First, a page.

Want to save some pennies at the pump? Then hit the treadmill and you'll be pulling into the pump less often, making your wallet and waistline happy.
According to a recent report from Cars.com, between 1960 and 2002, America's battle with the bulge has added an additional 1 billion gallons of gasoline usage a year. With gas prices flirting with $4 per gallon recently, excess fuel consumption due to increasing passenger weight and other factors has squeezed already tight consumer budgets.
For automakers it's a tough situation. Federal mandates requiring better fuel efficiency along with heightened consumer demand for cars with great gas mileage has pushed car companies to streamline passenger vehicles to decrease weight and drag.
All sorts of technology, from the type of materials used to build a car — lighter high-strength steel and aluminum — to various electronic systems that optimize fuel usage, has been incorporated into today's vehicles with the express purpose of increasing fuel economy.
But many of those benefits are lost as the ranks of America's obese grow, now one-third of U.S. adults, the Cars.com report points out. For every 100 pounds of extra weight, vehicles lose about a mile per gallon in fuel economy. Compounding that is the greater likelihood that heavier individuals drive larger cars, many of which burn more gas and potentially require more frequent, and expensive, fill-ups.
All that extra weight amounts to about 39 million gallons of extra fuel for every pound gained in average passenger weight every year, according to the report and given the high gas prices recently, that's no small figure when it comes to how much consumers pay.
Increased gasoline use also has broader implications when it comes to the nation's energy independence.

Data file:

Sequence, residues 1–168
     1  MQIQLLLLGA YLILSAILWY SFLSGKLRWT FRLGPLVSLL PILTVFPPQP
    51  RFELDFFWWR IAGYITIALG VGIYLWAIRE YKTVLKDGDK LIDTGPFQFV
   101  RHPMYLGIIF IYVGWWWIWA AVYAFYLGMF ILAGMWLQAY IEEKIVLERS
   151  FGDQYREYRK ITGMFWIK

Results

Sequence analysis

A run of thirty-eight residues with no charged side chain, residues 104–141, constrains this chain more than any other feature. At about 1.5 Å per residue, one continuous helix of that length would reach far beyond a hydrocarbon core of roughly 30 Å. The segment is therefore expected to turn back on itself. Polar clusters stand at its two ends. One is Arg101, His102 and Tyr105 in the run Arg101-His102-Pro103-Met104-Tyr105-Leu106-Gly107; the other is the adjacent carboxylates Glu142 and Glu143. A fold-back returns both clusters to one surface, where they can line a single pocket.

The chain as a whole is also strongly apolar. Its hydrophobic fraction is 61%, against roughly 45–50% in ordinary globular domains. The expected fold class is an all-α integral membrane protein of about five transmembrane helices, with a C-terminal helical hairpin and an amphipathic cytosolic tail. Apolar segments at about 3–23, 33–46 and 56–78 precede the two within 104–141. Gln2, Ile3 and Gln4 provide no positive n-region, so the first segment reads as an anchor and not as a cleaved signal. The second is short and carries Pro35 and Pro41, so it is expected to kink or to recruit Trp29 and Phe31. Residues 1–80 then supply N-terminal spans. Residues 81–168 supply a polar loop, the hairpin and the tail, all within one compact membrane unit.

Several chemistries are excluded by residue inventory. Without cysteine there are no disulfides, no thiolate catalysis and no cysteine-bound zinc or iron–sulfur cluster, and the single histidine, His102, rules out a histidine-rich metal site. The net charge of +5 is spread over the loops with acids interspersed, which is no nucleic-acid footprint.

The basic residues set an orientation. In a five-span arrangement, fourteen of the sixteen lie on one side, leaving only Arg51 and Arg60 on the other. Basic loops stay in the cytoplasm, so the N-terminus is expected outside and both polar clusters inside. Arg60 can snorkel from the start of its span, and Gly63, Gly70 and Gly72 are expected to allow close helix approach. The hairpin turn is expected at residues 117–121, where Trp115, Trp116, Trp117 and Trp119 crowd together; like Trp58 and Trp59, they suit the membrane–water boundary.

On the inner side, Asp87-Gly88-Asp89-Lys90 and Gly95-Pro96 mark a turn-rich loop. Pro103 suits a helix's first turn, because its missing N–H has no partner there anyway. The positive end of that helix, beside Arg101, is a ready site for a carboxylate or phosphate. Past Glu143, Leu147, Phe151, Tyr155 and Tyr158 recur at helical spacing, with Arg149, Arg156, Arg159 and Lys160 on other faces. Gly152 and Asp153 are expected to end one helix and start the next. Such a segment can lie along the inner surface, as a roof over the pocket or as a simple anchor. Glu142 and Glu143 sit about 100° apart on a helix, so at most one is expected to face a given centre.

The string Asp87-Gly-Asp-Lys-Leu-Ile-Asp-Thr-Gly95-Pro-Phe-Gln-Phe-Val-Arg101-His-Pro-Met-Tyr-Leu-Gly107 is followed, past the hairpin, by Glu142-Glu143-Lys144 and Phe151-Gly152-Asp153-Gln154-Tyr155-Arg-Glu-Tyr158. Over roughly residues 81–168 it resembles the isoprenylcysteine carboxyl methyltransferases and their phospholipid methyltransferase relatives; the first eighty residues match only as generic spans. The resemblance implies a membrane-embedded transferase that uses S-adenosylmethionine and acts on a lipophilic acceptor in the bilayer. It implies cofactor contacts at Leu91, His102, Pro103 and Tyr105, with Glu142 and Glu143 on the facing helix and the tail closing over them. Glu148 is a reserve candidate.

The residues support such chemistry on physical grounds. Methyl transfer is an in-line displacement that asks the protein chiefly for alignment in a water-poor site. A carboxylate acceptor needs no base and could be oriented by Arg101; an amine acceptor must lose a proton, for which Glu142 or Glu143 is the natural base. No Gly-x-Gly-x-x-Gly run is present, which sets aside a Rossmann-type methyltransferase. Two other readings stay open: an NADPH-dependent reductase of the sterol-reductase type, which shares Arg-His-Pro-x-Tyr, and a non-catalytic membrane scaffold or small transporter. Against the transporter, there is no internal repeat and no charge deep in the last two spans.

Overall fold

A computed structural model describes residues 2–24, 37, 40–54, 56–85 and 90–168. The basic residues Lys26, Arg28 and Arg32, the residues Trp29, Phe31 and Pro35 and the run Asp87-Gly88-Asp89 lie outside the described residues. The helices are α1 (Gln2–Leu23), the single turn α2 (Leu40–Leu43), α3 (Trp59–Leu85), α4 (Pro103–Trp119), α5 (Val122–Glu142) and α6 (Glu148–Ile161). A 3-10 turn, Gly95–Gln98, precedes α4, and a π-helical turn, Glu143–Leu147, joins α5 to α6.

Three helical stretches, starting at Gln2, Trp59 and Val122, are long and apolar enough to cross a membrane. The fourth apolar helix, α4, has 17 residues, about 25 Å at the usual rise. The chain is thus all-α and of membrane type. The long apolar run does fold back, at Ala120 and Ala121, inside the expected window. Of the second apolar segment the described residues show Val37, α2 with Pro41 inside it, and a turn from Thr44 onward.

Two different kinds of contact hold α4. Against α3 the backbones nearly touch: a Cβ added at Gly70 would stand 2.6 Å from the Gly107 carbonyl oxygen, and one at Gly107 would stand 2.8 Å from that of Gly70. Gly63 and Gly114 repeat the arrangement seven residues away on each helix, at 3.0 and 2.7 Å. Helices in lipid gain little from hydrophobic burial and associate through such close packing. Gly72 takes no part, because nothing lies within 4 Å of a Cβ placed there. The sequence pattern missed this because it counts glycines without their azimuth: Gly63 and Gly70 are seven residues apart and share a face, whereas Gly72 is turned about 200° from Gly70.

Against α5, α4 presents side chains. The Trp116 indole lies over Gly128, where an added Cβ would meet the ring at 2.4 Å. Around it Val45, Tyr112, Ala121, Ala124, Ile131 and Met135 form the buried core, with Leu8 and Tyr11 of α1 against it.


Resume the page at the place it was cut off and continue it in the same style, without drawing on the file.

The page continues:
"It's more about the aggregate," says Patrick Olsen, editor-in-chief at Cars.com. "As our country has gotten heavier, every one pound we add on costs us 39 million gallons of fuel. If we're talking about fuel independence, that's a big issue."
But it's not just heftier passengers that could be cutting into gas mileage. Additional weight from that case of water you bought at Costco three months ago or your kids' sports equipment could be impacting your car's fuel efficiency.
"Weight in a car is proven to affect your fuel economy whether it's the stuff you're carrying around in your trunk or the weight of your passengers," says Brandy Schaffels, senior editor at TrueCar.com.
One thing that weighs nothing at all and could help you get better gas mileage? Air. In your tires that is.
"That does a lot to improve fuel efficiency," Schaffels adds.
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Meg Handley is a reporter for U.S. News & World Report. You can reach her at firstname.lastname@example.org and follow her on Twitter at @mmhandley.